Bioinformatics Institute (BII)
Antibodies that recognize the SARS-CoV-2 spike protein show potential for diagnosing COVID-19.
Sebastian Maurer-Stroh shares how bioinformatics has enabled Singapore to respond quickly to COVID-19 and will continue to play an important role in ongoing surveillance.
Studying how viruses change their shapes at different temperatures could lead to more effective vaccines.
Surveillance and contact tracing are key to limiting the widespread transmission of COVID-19 in the community, experts find.
Scientists at A*STAR have found that a mutation in SARS-CoV-2 called ∆382 leads to milder clinical outcomes, with implications for COVID-19 treatments and vaccines.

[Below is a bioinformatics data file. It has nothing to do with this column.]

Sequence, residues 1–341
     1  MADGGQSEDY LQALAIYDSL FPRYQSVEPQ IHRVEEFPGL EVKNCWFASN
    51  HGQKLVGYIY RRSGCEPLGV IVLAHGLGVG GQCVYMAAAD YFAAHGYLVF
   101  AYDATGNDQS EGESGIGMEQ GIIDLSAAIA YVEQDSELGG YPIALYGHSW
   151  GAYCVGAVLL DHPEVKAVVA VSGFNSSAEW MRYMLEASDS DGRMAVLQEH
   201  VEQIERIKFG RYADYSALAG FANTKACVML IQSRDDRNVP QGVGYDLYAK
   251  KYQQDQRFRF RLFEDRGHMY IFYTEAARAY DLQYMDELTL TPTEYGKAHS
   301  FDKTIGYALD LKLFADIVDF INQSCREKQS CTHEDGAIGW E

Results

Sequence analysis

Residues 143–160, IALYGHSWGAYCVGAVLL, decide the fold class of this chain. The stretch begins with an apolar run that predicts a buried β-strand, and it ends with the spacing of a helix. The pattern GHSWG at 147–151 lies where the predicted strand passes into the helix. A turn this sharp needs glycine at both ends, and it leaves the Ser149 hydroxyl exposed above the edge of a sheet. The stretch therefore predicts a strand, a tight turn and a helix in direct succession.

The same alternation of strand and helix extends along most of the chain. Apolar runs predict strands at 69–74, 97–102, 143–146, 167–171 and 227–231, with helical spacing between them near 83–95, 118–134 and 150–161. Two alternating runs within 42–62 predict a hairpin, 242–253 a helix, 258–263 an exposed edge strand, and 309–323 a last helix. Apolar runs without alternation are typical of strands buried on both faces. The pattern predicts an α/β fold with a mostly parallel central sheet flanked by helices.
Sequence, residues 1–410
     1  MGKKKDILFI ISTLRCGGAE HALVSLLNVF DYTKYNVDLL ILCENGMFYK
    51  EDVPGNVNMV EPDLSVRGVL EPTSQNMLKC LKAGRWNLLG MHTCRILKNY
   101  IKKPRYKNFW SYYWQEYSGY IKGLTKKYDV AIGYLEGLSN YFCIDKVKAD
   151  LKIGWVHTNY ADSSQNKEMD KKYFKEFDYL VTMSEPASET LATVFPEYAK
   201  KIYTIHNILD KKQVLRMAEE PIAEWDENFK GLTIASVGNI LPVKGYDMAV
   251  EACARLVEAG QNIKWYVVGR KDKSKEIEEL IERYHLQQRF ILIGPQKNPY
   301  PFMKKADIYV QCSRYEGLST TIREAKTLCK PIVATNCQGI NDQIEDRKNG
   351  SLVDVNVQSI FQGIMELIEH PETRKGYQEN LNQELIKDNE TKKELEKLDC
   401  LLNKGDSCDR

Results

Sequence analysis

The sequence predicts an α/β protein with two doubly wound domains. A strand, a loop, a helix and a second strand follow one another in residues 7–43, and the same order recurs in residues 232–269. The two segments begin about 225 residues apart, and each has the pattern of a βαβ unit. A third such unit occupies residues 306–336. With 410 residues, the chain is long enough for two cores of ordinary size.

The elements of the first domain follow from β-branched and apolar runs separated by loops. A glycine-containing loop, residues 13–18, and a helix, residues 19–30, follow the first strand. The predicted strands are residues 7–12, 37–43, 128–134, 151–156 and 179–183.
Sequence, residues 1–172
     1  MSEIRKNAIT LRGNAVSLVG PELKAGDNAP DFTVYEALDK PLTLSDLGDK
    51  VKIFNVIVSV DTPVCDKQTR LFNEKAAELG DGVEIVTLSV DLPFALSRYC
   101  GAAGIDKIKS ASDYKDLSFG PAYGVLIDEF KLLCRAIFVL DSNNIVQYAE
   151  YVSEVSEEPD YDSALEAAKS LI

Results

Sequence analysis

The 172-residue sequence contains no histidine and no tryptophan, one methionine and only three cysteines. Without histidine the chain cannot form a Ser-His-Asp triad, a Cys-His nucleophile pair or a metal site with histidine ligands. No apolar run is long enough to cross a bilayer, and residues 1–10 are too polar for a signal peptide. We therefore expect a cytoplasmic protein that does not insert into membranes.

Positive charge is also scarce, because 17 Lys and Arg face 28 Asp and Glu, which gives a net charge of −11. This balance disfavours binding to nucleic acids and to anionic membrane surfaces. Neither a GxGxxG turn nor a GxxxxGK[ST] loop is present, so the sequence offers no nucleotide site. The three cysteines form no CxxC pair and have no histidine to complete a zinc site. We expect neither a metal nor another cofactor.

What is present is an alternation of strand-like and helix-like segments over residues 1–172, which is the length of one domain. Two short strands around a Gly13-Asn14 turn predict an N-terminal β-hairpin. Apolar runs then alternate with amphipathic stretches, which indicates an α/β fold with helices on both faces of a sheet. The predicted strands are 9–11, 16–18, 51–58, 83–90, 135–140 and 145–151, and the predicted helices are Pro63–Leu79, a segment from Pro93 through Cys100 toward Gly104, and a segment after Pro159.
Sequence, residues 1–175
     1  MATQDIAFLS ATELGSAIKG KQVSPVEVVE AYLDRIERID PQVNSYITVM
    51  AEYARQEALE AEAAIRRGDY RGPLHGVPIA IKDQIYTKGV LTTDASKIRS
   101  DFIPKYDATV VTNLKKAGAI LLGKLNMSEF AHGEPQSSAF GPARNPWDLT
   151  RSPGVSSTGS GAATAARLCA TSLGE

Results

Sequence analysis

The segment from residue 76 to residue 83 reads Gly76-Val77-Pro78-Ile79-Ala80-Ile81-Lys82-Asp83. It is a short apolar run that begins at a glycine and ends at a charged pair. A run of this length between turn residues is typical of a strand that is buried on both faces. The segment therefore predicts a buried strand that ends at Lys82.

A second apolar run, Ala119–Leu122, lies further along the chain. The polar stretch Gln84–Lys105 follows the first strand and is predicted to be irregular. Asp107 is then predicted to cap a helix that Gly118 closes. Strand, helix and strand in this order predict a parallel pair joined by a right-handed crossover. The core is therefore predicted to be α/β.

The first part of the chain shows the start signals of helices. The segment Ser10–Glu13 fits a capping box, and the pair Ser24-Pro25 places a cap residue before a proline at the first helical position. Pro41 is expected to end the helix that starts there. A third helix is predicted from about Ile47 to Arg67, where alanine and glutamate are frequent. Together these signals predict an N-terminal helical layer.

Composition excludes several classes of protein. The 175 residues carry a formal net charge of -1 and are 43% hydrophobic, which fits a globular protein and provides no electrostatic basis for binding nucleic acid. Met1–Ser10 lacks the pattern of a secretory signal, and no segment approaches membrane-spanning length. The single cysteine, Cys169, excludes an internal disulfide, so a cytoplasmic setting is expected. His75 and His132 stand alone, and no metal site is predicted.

Two early cases of COVID-19 in Thailand represent the first confirmed exported cases from China, a Thai-Singapore team reports.
In a display of scientific willpower, A*STAR researchers developed and deployed the COVID-19 diagnostic Fortitude Kit within weeks of the virus reaching Singapore’s shores.
A*STAR scientists aim to design better immunotherapies by simulating the binding of antibodies to their targets.
A*STAR scientists have identified drug compounds that could potentially eradicate an aggressive form of liver cancer by targeting a metabolic vulnerability induced by the SALL4 oncogene.
A better understanding of the way sugar units are attached to the surface proteins of cancer cells may help to improve targeted cancer treatments, A*STAR scientists say.
A*STAR researchers have identified specific sites in the surface protein of influenza viruses that allow the pathogen to adapt to different host organisms.